Obviously the best thing one can do with beer is drink it.
However, like wine, beer can be used in a variety of ways in the kitchen.
Plenty of cooks make beer-can chicken, and sometimes a stout is the perfect thing to enhance your barbecue sauce.
But the use of beer in baking often gets overlooked, which is a shame since it can really enhance some baked goods.
To better explain how to bake with beer, I’ve enlisted the help of Justin Relkin, pastry chef at Supper (at 926 South St.), a graduate of Johnson and Wales College of Culinary Arts and veteran pastry chef at restaurants such as Parc and Barclay Prime.
Justin is no stranger to working with beer; he has made anniversary beer cakes for the Fishtown Beer Runners (online at www.fishtownbeerrunners.com) that included a stout cake layer and candied Walt Wit, as well experimenting with sourdough bread made with the Victory Brewing Co.’s Hop Devil beer.
The first thing to keep in mind with baking is to pick the right recipe.
Look for recipes with a good amount of liquid.
“Cookie dough would be a bad idea,” said Justin. “There is such a small amount (of liquid) and you wouldn’t taste the beer.”
Cakes and breads are more ideal.
You can substitute beer for any liquid, whether it is milk, water or juice.
Justin pointed out one caveat: “If you are making a yeasted bread you have to boil the beer then cool it down and proceed.”
In the worst case, ldquo;the alcohol will kill the (baker’s) yeast,” he said.
More likely, Justin said, “it will make your bread sluggish and will not rise with the vigor you would like it to.”
The next step is to choose the right beer for a recipe.
“A baked item would work better with something with a strong malt component. The caramelized sugars in baking complement the malty and roasted flavors,” Justin said. “Darker malt benefits in the oven more so than a lighter beer.”
Stouts and porters are the obvious choice, but a German Bock or Belgian Dubbel would also work.
If you want to work with a lighter beer, such as Belgian Wits or other wheat beers, boiling it down and making lollipops or candy are also a tasty option.
If you do bake with those beers, you may want to add in some seasonings — such as coriander or cloves — since the flavor from the beer itself may be too subtle.
Justin recommended experimenting and adjusting recipes over time.
“The beer in and of itself will not cause (recipe) failure. It may not come out perfect the first time, but it shouldn’t require wild changes,” he said.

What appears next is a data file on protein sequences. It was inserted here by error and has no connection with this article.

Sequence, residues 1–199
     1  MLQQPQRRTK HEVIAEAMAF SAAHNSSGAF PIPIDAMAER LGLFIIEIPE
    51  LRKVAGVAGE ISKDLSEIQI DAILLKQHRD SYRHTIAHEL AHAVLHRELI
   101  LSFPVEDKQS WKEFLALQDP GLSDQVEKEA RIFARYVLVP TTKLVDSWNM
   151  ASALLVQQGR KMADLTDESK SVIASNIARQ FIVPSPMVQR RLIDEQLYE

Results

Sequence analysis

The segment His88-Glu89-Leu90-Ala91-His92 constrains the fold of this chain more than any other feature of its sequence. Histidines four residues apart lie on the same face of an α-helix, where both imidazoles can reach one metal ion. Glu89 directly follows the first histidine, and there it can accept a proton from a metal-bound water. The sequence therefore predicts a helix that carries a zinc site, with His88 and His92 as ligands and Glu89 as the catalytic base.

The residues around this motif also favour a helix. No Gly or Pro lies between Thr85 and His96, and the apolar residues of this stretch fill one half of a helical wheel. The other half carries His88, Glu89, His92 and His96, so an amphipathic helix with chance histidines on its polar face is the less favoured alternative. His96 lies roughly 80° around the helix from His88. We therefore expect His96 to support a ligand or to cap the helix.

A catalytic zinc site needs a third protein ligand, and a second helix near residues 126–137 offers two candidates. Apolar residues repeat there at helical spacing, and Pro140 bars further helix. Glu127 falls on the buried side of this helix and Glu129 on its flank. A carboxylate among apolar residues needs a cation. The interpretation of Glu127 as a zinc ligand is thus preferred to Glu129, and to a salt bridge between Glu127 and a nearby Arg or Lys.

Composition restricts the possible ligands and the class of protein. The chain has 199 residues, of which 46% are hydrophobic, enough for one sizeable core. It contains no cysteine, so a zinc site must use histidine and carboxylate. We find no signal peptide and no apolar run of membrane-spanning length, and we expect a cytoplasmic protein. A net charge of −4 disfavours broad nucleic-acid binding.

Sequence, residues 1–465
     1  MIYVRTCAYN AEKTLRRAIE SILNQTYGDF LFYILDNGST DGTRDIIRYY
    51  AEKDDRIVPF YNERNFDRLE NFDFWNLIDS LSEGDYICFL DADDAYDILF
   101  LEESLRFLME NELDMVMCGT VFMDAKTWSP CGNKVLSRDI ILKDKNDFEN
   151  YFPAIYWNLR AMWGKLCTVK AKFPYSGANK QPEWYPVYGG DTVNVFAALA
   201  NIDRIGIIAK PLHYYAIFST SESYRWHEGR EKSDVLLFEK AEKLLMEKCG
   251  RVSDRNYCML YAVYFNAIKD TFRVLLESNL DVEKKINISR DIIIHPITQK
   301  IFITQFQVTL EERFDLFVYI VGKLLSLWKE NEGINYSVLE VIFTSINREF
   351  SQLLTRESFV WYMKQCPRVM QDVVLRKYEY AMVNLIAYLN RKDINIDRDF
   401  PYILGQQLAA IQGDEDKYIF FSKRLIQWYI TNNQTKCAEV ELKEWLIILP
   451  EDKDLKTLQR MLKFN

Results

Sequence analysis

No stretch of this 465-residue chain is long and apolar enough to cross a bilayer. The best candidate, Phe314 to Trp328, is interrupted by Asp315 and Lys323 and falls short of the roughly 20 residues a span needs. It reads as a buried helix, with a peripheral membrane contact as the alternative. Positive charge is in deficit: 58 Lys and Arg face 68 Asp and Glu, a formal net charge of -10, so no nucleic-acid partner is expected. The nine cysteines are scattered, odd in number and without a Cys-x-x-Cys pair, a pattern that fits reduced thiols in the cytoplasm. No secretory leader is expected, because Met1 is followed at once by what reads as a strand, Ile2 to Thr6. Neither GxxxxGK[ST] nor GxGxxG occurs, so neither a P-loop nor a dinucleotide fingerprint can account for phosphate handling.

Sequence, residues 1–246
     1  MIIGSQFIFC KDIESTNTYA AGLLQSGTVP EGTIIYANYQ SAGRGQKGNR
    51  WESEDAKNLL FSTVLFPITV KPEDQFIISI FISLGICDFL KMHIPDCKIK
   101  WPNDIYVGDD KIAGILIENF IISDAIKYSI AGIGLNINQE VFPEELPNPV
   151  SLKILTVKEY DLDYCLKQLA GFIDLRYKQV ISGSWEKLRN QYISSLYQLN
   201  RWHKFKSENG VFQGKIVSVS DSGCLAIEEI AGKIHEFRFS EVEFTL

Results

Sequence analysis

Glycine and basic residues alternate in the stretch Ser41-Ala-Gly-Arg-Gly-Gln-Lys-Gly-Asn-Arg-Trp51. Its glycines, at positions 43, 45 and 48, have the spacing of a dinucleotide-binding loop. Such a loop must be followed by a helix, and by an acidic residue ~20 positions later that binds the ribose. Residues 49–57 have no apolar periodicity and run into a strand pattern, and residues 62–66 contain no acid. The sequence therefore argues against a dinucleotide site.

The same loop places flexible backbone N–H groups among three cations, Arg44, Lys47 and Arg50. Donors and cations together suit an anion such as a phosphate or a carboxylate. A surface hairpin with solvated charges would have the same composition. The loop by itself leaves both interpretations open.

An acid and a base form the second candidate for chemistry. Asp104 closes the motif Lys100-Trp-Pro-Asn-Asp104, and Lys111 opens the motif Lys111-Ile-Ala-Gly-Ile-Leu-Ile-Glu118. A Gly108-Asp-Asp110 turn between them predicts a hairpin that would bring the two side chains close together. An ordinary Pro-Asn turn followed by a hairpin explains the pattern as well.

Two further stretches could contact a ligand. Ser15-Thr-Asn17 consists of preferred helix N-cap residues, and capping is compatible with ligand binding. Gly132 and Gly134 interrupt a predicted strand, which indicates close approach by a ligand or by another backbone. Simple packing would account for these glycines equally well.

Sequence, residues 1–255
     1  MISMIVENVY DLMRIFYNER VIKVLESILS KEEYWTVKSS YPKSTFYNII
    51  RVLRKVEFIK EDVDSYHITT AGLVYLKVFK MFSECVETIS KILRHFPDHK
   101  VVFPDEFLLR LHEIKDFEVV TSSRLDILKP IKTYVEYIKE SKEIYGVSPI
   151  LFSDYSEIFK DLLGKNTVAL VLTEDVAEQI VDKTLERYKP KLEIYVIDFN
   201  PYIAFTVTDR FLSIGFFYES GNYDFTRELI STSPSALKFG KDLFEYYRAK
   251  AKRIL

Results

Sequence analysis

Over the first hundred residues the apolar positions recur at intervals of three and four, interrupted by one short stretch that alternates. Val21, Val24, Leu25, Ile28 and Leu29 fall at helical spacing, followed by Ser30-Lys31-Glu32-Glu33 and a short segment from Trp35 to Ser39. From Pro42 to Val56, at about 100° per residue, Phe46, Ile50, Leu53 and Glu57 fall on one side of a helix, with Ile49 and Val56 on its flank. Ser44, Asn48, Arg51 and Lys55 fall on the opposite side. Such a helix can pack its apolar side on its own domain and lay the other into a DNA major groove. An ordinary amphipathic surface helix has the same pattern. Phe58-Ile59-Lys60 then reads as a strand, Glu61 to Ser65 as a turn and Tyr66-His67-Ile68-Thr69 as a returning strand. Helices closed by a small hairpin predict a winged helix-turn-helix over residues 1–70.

The chef also found that a different approach has helped him bake.
“Since I was a cook first, it informs the way that I bake. I think about food before I think about pastries, and I try to think about how to make that into a baked good,” said Justin.
Experiment with different beers — you can make a stout cake with Guinness, but also try Philadelphia Brewing Company’s Shackamaximum Stout, Joe Porter or Yard’s George Washington Porter.
You won’t need to adjust the recipe for different beers, but it will change the flavor of the cake.
If you are a homebrewer who doesn’t want to give up any of your precious home-brewed beer for baking, you can still get in on the action by making bread from the leftover grains used in brewing.
Save a few cups of the spent grain after brewing, it freezes well for long-term storage.
I’ve made this bread recipe at http://www.beeratjoes.com/index.php/beer-dinners/spent-grain-beer-bread/ several times; there is also a good bread recipe in the blog for a local brewer at mellodybrewing.com.
PA Beer Law Update: A change just went into effect for Pennsylvania breweries, allowing them to sell beer in any size container, not just the cases and growlers they were allowed to sell before. Philadelphia Brewing Company, at 2439 Amber St., has announced they will begin selling 6-packs and even single bottles at their retail store.
Now it will be even easier to get your favorite beers for drinking or baking. ••
Tim Patton is a Fishtown resident, beer aficionado and brewer. His column is dedicated to showcasing everything that is great about enjoying beer in the riverwards. He can be contacted at firstname.lastname@example.org